At The Limits: Hiking Southbound on the Appalachian Trail

I wanted to be a Pokemon trainer. A child wandering a vast continent. I could explore dark grottoes. I could surf near mysterious islands. On the weekends, I’d battle Team Rocket or skirmish with Fisherman Ed.

Ash was cool. I wanted to be cool. Partnering with a fire-belching beast would definitely make one cool. At least, I thought so.

I wanted to be Ford Prefect, the galaxy-roaming, towel-brandishing writer. I’d sit on my bed crafting Vogun poetry and pretending to steal the Heart of Gold. When I wasn’t stranded on boring planets, I would drink Pan-Galactic Gargle Blasters at the End of the World.

Ford had adventure, women, and charm. Teenage Mike wanted adventure, women, and charm. What teenage boy doesn’t?

Sociologist often discuss “prolonged adolescence:” the “younger generations” inability to accept the responsibilities of adulthood. Purgatory would be a more apt descriptor. It is a world devoid of adult responsibility as well as the adventures, dreams, and awe of childhood. We seek both and achieve neither.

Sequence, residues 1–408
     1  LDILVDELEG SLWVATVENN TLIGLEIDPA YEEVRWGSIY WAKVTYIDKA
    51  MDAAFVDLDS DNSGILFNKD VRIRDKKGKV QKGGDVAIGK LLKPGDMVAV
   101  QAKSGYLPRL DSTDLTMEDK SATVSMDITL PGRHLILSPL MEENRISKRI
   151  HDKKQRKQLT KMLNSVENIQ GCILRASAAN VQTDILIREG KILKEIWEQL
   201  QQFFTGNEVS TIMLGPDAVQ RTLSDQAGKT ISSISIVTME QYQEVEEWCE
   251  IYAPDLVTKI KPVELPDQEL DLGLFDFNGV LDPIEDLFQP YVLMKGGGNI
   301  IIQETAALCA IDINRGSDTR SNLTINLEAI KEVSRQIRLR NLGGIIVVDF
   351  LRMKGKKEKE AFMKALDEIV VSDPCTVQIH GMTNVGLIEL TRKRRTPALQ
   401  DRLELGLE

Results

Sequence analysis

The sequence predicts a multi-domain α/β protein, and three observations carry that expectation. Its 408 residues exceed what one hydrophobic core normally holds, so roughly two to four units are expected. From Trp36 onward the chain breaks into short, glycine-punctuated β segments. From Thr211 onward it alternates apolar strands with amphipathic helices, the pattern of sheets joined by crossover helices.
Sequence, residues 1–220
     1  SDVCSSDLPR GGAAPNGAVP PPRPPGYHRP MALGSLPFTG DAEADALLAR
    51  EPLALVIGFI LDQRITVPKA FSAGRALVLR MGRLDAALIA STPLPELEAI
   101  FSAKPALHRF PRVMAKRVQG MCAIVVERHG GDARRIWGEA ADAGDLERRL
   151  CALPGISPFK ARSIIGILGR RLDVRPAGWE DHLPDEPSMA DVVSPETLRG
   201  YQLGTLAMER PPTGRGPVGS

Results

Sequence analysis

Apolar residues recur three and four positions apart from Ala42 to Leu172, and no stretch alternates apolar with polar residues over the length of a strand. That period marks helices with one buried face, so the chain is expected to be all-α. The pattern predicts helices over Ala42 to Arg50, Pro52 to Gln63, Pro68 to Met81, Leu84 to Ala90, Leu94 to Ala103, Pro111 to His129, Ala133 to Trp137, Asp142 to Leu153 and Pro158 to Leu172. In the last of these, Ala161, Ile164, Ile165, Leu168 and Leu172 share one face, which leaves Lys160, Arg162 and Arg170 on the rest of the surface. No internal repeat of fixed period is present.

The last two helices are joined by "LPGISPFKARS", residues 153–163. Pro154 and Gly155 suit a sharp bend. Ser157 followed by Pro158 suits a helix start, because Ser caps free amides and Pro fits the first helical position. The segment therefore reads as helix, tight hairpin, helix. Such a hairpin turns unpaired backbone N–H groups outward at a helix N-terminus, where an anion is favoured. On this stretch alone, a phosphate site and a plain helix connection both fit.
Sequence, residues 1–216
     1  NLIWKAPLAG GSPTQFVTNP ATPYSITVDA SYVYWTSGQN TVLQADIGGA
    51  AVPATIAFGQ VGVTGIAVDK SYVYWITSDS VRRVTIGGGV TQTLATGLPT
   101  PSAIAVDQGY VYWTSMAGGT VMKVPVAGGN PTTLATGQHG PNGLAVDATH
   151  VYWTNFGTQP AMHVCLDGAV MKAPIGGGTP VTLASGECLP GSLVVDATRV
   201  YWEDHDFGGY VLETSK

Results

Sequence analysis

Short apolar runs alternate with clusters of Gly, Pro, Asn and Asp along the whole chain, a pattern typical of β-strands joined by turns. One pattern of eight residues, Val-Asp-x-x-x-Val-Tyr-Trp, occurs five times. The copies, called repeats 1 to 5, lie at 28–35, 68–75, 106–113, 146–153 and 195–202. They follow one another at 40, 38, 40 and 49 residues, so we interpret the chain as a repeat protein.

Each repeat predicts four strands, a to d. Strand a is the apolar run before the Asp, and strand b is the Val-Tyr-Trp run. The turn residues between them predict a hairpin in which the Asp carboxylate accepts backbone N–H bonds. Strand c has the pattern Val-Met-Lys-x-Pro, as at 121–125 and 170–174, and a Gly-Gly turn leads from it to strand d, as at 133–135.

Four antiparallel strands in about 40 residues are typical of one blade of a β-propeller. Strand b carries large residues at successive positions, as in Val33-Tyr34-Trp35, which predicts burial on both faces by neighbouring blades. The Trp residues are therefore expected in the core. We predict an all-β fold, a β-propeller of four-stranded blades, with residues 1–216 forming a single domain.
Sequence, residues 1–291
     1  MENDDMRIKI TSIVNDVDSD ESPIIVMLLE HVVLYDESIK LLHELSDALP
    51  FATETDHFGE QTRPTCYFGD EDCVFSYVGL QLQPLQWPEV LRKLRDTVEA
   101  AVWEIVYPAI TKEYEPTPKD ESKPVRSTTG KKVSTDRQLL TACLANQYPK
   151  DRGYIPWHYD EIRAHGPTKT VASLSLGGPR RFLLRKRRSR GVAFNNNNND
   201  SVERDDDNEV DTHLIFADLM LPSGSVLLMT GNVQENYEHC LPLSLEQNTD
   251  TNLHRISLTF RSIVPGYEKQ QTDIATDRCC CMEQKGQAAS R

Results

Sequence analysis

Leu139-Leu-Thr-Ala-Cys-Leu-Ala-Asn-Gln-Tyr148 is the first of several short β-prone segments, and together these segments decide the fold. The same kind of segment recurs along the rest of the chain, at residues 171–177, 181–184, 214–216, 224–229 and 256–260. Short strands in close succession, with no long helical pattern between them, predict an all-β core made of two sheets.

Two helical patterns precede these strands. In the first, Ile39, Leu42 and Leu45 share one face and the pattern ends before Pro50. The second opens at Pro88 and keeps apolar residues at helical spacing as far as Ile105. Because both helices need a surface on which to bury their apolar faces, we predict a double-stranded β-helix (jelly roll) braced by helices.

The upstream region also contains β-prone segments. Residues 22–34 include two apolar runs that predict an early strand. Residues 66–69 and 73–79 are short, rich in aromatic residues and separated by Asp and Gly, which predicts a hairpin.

This outcome is not inevitable. The “real world” does not entail a wasteland of dreams in a corporate office. We can continue to learn about ourselves and others; we can continue to adventure both at work and play. We find these lessons and adventures at our limits, physical and mental. We only need to push towards those points.

This space will be a journal of my new adventure. On Sunday, I leave to hike the Appalachian Trail (Southbound). I promise not to bore you with excessive details of miles walked or hills climbed. Instead, I will try to share the awe of a child and the lessons of an adult.

Good luck on your own adventure. I will post again after Katahdin and the 100 Mile Wilderness.